If there’s one thing I hate about autumn and winter months is drying clothes as it becomes such an expensive chore. The wet weather at this time of year means I can no longer put my outdoor washing line to use and have to resort to the tumble dryer.
As I have an 8kg tumble dryer, this currently costs me between 65p to £1.76 per use. This is based on the average price per unit of electricity being 30p per kilowatt hour.
It made sense to try Swan’s Low Energy Dehumidifier as this appliance can extract up to 20 litres a day, with a wattage of 310 so it would use 0.31 kWh. This would mean an hour’s usage would cost just under 9p given the average price per unit of electricity being 30p per kilowatt hour.
This Swan 20L Low Energy Dehumidifier currently retails on their website for £219.99. Although this seems quite pricey, reviews on their website regarded the appliance as “excellent” and “impressive”.
Setting up the Swan 20L Low Energy Dehumidifier was a straightforward process. After removing it from the box, all I had to do was plug it in, and off it went. I decided to put the dehumidifier in the spare room with the windows and door closed. I originally was going to put the dehumidifier in the bathroom as it was a smaller space, but decided against it as it can pose a safety hazard.
READ MORE: Common dehumidifier mistake that ‘wastes energy’ and won’t reduce condensation
The Swan website claims that their 20L Low Energy Dehumidifier ideal for rooms that measure 12 to 16m² as well as smaller spaces.
Before testing it out, I put on a usual-sized laundry load, making sure to put it on an extra spin cycle, as I do every time. Once the clothes were out of the washer, it was time to load them on the airer, making sure to put the larger clothing items at the top and the smaller ones at the bottom.
Although it was quite heavy to lug up the stairs, I was grateful for the built-in wheels that allowed me to move it easily to the best position.
After, it was time to switch on the dehumidifier. The Swan 20L Low Energy Dehumidifier is very easy to use. The instructions were clear and simple to follow and the soft-touch control panel, featuring a large LED display, was easy to navigate.
When the unit is plugged in, it shows the current humidity level in the room – mine was at 80 as the windows had previously been opened in this room. You can then set the desired humidity level anywhere between 40 and 80 percent.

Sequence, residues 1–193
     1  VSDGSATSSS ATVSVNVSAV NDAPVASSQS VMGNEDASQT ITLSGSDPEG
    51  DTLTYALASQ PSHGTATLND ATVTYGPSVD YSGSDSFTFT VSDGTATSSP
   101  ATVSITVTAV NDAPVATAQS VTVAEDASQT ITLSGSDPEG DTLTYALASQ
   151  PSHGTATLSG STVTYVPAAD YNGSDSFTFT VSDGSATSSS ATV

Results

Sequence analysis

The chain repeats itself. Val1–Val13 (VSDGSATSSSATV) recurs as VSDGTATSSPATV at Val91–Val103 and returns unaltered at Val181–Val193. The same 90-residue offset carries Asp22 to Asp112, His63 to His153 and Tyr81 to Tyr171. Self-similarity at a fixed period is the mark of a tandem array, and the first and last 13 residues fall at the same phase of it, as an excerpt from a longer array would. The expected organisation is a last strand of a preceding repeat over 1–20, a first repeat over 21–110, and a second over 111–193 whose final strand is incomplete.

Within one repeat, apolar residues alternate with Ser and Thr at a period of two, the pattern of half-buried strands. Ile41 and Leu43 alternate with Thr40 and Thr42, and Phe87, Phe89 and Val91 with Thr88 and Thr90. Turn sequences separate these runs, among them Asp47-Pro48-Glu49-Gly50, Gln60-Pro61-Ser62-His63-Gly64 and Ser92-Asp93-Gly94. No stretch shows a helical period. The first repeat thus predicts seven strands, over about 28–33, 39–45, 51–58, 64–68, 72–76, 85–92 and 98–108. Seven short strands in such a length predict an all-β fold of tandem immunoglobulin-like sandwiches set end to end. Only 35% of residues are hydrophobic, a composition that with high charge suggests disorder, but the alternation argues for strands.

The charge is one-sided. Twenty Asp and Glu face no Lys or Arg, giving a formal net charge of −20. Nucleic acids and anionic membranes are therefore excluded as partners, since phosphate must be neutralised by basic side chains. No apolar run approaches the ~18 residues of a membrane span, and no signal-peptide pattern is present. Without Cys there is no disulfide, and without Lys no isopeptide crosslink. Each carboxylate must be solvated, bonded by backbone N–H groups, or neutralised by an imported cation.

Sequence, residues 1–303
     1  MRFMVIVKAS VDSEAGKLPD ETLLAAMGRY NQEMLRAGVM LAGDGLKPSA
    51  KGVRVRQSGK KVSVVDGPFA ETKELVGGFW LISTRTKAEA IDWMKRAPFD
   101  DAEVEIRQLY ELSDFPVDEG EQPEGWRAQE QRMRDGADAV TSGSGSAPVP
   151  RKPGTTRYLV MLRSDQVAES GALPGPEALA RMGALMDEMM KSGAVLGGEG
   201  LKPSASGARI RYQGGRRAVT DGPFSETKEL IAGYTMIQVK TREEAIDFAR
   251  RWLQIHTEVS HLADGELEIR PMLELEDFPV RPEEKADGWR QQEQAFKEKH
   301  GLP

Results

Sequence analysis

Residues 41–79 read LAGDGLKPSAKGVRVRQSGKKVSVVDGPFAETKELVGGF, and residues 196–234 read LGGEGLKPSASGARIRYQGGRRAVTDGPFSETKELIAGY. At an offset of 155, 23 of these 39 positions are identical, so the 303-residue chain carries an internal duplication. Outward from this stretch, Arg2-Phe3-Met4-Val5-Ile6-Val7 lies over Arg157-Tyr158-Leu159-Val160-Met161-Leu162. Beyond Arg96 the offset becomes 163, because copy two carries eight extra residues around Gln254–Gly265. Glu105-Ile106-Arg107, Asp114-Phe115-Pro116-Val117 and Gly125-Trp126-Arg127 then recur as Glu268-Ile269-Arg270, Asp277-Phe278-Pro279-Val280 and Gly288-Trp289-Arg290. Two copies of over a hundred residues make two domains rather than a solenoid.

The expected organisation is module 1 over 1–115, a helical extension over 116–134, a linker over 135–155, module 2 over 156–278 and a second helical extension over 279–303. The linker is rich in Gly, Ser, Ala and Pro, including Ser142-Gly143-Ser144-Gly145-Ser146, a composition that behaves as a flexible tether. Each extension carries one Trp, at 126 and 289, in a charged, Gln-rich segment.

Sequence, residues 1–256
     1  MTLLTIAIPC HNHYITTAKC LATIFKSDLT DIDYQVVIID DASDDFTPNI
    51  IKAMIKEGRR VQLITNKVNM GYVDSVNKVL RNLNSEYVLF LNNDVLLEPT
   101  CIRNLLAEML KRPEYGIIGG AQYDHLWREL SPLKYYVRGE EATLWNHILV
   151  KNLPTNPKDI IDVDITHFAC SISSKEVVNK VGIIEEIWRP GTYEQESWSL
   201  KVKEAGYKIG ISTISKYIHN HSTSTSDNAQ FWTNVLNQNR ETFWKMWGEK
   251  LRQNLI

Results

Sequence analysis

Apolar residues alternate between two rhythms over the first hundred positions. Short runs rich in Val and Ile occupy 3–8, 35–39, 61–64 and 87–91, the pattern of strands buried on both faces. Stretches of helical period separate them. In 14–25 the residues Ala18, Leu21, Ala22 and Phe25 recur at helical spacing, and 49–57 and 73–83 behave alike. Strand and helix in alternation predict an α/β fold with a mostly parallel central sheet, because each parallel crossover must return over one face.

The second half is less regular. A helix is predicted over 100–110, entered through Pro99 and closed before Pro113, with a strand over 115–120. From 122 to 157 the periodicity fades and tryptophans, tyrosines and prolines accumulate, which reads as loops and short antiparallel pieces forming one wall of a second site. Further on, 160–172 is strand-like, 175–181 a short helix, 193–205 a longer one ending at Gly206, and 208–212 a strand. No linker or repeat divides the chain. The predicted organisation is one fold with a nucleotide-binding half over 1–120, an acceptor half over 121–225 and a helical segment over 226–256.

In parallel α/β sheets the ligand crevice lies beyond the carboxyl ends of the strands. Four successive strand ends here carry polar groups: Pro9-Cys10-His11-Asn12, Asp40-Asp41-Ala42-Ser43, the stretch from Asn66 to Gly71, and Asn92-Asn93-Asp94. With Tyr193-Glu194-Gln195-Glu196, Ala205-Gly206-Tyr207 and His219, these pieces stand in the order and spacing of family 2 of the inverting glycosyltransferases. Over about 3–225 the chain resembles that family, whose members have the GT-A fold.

As soon as I turned on the dehumidifier, it was already set to 40 so there was no need to change it. A simple touch of a button changes the fan speeds and the swing setting moves the deflector back and forth. Plus, there is even an auto-defrost setting.
- Support fearless journalism
- Read The Daily Express online, advert free
- Get super-fast page loading
Laundry mistake to avoid that results in higher gas bills and damaged clothes[EXPERT]
Engineer claims 78p washing machine tip cleans appliance better than vinegar[TIPS]
Bed sheets don’t need to be washed as often when using the ‘ideal’ temperature[INSIGHT]
I loved that the dehumidifier has a built-in timer. This option allows you to set the run time between one and 24 hours after which the unit simply switches itself off, which is great for the sake of convenience and saving money.
I positioned the dehumidifier at the side of the airer, making sure that the air coming from the fan was going into the airer to reach all the clothes. Every hour I decided to turn the airer around so that all the clothes were drying evenly.
After the first two hours, I noticed that the four-litre tank filled up very quickly and how the dehumidifier was speeding up the drying process. A buzzer will sound when the tank is full. However, after three hours I checked on the tank and emptied it as I was eager to see how much water it had collected – and it was a lot. To empty the tank, I gently pulled at both sides and slid the tank out.
A fixed lid on the tank made sure there was no mess when it was removed, while a built-in spout made it easy to pour the water away. Swan’s dehumidifier also comes with a length of plastic pipe which can be inserted straight into the drain hole at the back of the unit to take water straight from the tank and down the nearest drain.
However, one negative of the appliance is that the plastic pipe it comes with is very short, so unless the unit is right next to a drain, you’d have to empty it manually.
Another negative is that the dehumidifier is a little loud. While it did not disturb me while I was working in the room next door, I don’t think I would be able to sleep while it was running.
Overall the washing took around five hours for all items to be completely dry. My airer had items like towels, jumpers, trousers and tops so some fabrics took longer to dry than others, but overall I was surprised just how well the dehumidifier worked. It has changed the way I dry my laundry.
Although five hours sounds like a long time, it would take a whole day or two for the clothes to dry on an airer without a dehumidifier and it still costs you less than using a tumble dryer. Using this dehumidifier to dry my clothes only set me back 47p, but with a tumble dryer, it would be significantly more.
When drying laundry indoors I often find that I’m left with musty and damp-smelling clothes, however, this was not the case with this appliance. Plus, not only can this dehumidifier be used to dry laundry indoors, but it can also be used to keep your home free from condensation, damp and mould.
Overall, I think this dehumidifier lives up to its past reviews and has made me realise that there are other ways to dry clothes, and hopefully, by using this dehumidifier more, I can save money on my energy bills in the long run.
Source: Read Full Article